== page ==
Food for the Hungry Logo Barrier Analysis: A Tool for Improving Behavior Change Communication in Child Survival and Community Development Programs
 
Background Information
 
What is Barrier Analysis
 
How to Conduct Barrier Analysis
1.
Defining the goal, behavior & target group
2.
Developing the behavior question
3.
Developing questions about determinants
4.
Organizing the analysis sessions
5.
Collecting field data
6.
Organizing and analyzing results
7.
Using the results
 

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  Good Interviewing Techniques

Good Interviewing Techniques

Whether your organization chooses the focus group or individual interview approach, staff members will need to be good at interviewing in order to carry out Barrier Analysis successively.

It is not enough simply for the interviewers to ask all of the questions on the questionnaire. They must do so in the proper way so that the responses that respondents give them are valid (truly reflect what the respondent knows and does).

“In what ways might using this improper technique affect the outcomes of the survey?” For some of the improper techniques, the effects will be fairly general. For example, if an interviewer does not make proper eye contact, the respondent may not trust the interviewer and may not give very accurate information for all of the questions.

Other improper techniques may have a more specific effect. For example in a question like “Where do you get general information or advice on health or nutrition?,” if the interviewer stops saying “anyone else?” after the respondent mentions two sources (such as “doctor” and “nurse”), then the interviewer may miss other important sources of advice that influence respondents’ decisions (such as grandparents or traditional healers).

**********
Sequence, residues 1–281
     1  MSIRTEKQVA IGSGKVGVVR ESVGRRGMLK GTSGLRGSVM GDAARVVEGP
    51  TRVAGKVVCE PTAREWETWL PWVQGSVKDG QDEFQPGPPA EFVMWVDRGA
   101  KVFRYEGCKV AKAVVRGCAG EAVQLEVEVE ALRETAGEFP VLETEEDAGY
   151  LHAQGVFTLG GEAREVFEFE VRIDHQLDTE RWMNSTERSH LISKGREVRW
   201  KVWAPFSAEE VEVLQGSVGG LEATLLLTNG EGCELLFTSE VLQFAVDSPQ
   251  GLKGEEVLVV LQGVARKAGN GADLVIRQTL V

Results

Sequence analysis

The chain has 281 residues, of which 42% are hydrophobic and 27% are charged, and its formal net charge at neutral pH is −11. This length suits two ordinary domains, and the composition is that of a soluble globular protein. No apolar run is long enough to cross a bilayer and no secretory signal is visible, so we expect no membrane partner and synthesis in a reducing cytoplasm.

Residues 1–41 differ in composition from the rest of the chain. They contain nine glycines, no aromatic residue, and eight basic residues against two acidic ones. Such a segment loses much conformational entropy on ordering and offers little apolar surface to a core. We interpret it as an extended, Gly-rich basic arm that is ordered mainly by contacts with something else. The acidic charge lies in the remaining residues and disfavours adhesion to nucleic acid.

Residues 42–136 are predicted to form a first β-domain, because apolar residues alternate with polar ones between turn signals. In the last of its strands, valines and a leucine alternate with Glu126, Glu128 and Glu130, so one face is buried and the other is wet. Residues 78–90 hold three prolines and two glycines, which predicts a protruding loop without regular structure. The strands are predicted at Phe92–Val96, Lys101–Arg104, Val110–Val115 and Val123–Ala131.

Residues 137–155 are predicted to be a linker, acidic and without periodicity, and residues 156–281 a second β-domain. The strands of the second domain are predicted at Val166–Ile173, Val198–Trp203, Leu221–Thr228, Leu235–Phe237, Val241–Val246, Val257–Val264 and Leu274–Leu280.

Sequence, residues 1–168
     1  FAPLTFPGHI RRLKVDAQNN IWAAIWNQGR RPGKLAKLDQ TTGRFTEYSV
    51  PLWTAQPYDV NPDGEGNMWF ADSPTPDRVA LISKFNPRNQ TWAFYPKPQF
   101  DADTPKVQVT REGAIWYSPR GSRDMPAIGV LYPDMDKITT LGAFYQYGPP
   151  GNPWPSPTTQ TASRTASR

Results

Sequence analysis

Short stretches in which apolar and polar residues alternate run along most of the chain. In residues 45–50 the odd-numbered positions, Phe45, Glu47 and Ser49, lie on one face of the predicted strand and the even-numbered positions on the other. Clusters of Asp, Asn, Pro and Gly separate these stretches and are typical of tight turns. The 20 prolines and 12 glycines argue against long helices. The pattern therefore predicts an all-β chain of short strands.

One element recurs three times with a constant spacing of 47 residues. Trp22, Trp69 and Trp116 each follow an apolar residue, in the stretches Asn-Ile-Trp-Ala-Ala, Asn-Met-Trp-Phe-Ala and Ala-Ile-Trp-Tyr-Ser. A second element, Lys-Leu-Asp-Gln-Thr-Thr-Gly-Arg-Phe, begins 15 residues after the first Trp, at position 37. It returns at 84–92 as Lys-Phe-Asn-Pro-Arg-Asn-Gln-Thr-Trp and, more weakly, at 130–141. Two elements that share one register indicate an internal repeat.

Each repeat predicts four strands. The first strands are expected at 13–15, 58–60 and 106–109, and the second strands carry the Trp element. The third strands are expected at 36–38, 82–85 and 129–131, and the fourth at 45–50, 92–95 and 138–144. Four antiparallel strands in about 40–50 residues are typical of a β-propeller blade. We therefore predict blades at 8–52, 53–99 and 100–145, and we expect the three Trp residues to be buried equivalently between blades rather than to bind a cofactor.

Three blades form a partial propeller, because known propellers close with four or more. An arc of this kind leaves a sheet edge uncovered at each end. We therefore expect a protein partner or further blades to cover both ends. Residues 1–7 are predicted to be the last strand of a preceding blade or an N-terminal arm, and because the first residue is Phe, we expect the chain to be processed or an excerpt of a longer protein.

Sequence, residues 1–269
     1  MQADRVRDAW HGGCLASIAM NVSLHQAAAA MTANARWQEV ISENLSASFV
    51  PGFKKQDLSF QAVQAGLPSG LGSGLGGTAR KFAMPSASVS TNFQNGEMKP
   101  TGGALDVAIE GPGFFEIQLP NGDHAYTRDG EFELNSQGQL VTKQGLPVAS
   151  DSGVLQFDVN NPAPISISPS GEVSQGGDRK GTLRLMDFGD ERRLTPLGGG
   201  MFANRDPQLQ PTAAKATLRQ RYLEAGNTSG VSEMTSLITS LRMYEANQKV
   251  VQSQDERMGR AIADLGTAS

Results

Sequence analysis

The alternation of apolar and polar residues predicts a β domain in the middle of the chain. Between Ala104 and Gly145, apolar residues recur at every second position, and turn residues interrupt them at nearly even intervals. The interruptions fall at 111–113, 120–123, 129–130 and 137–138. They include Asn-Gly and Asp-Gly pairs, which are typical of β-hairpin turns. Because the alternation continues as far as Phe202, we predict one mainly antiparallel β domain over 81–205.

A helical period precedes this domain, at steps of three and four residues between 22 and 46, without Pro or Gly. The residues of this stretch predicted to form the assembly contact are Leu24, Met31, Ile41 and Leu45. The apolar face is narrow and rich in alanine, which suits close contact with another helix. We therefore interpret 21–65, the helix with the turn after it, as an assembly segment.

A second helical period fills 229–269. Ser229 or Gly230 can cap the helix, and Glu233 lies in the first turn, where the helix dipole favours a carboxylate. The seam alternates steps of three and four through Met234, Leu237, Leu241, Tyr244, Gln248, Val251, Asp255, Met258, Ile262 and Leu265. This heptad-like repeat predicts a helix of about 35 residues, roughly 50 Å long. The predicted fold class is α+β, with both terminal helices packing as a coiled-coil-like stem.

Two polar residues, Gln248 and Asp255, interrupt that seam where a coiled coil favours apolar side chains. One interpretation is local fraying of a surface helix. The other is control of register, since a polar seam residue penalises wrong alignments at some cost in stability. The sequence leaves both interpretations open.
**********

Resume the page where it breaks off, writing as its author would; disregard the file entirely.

Common Interview Mistakes

  1. Not speaking loudly and clearly.

  2. Not making proper eye contact. (Staring at the questionnaire)

  3. Laughing at a response.

  4. Not saying "anything else?" each time properly for the multiple responses questions.

  5. Complimenting and/or educating the respondent during the interview. “Oh that’s great. It’s really important to breastfeed. I’m glad to see that you are doing that.” Scolding the interviewee.

  6. If the respondent is silent on a question, change the wording immediately instead of repeating it once exactly as it is written.

  7. When a respondent says, “I don’t understand the question,” the interviewer rewords the question in a way that changes the meaning. For example, when asking “Did your child eat carrots or sweet potatoes yesterday during the day or night?,” and a mother does not respond, prompting her with a question like, “Does your child eat carrots or sweet potatoes?” This changes the question since the intent is to look at foods eaten over the past 24 hours rather than foods eaten in general or “ever eaten.”

  8. Guiding a mother to a specific response.

  9. Assuming a response without asking. For example, if a mother reports not giving water to a child, assuming that she is NOT giving the child milk or juice.

  10. Asking a closed (i.e., yes/no) question when an open question is indicated. For example, instead of asking, “How many months old is this child?” (open), asking “Is this child under 24 months old?” (closed)

  11. Not using the child’s name when asking a question

Examples of Proper and Improper Interviewing Techniques Download Adobe Acrobat Reader (74kb)

  Developing Questions About Determinants
Focus Groups
  Individual Interviews
Good Interviewing Techniques

 

Next (Organizing the analysis sessions)


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© November 2004

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